There is hardly a more poignant sentence to be discovered in the whole Epic than the interpretation of Gilgamesh’s dream:
The father of the gods has given you kingship, such is your destiny, everlasting life is not your destiny.
Gilgamesh deeply resents the injustice of the world: was he not after all a noble amalgam of two-thirds divinity and one-third humanity? Without any regard for our noble or divine aspirations (placed within us apparently by the gods), each of us must confront the fact of limit, of border and boundary, first as demonstrated in the lives of those we love, and then also for ourselves. Psalm 82 picks up the theme directly: ‘”Ye are gods, and ye are all the children of the Most High. But ye shall die like men…”
Paradoxically, what we can learn when we pay attention to our great tradition is that the meaning of life is in its end, or, to speak more precisely, the meaning of life is to be found in its having an end. The famous Latin tag respice finem can be understood to exploit the rich ambiguity of the English concept of “end” just as fully as the finis of which it speaks. Respice finem suggests that each of us must “take care for”, “remember” or “consider” the end, whether this is to be understood as either the end and purpose for which something is undertaken, or the end term in a series, which, in our case, is the days, months and years of a human lifetime.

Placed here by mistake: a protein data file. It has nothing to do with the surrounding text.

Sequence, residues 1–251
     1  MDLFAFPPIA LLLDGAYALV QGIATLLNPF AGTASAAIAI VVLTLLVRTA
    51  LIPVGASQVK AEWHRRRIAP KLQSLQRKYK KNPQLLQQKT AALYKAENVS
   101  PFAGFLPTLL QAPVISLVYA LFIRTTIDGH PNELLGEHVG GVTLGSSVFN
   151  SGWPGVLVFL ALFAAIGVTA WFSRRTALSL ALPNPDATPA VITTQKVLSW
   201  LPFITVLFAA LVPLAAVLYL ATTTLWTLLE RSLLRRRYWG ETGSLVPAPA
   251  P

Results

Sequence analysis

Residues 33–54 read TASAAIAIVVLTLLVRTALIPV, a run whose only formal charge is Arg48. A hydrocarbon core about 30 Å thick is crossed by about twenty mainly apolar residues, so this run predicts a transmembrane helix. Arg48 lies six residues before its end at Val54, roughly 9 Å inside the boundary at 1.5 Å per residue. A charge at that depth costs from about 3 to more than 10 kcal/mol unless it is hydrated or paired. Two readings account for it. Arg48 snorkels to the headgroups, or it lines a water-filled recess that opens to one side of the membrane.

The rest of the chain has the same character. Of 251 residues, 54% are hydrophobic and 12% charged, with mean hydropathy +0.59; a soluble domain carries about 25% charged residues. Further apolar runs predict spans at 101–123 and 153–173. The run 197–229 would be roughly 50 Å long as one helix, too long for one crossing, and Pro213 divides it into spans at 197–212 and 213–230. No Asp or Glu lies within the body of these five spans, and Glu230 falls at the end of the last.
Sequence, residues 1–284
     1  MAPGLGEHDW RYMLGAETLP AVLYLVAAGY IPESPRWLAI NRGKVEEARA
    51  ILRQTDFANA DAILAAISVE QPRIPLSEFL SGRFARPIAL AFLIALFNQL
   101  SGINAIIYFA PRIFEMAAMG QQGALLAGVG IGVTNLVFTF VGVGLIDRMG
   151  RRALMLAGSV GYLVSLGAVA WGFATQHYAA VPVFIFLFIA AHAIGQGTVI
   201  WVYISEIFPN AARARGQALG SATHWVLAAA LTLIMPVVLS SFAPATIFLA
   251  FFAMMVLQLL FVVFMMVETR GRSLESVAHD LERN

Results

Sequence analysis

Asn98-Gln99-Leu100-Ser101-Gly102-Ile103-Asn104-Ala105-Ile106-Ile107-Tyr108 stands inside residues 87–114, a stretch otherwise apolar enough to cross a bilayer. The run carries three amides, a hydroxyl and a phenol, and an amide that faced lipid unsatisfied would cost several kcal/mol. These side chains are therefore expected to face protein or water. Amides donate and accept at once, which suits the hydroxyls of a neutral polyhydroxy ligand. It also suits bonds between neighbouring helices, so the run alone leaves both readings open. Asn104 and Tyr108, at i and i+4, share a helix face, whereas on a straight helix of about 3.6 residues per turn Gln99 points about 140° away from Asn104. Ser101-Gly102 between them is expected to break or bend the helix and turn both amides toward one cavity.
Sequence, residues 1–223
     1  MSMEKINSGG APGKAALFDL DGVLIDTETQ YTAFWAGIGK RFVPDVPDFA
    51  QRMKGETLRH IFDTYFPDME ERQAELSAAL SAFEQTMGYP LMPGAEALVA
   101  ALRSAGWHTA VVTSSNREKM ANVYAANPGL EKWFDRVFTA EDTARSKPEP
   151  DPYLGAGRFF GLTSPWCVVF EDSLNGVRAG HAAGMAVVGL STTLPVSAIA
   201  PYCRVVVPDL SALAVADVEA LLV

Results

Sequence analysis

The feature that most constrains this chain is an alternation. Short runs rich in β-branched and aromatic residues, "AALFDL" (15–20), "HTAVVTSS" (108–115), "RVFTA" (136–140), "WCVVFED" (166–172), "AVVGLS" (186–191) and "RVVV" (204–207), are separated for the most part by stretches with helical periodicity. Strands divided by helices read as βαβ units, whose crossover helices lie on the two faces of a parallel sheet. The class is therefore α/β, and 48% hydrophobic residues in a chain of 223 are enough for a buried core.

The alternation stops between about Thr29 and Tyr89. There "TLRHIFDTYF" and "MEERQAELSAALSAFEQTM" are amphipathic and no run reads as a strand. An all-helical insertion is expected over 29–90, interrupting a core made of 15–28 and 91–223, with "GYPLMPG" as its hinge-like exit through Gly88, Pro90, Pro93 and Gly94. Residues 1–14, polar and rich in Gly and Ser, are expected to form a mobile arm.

We shall take a look at what this principle might mean for ancient Egypt in the next issue of Tidings, as we continue to follow the red thread by which students are led through that Labyrinth that Alumni will remember (fondly!) as the Foundation Year Programme.
For the Mesopotamians, this poem could not have been called The Epic of Gilgamesh – since there was no Sumerian/Akkadian word for “epic” and the name of this Sumerian king was not actually Gilgamesh, even if his actual name had the same kind of resonance.
FYP Texts originally appeared in Tidings magazine, published on behalf of the University of King’s College Alumni Association. View the archive.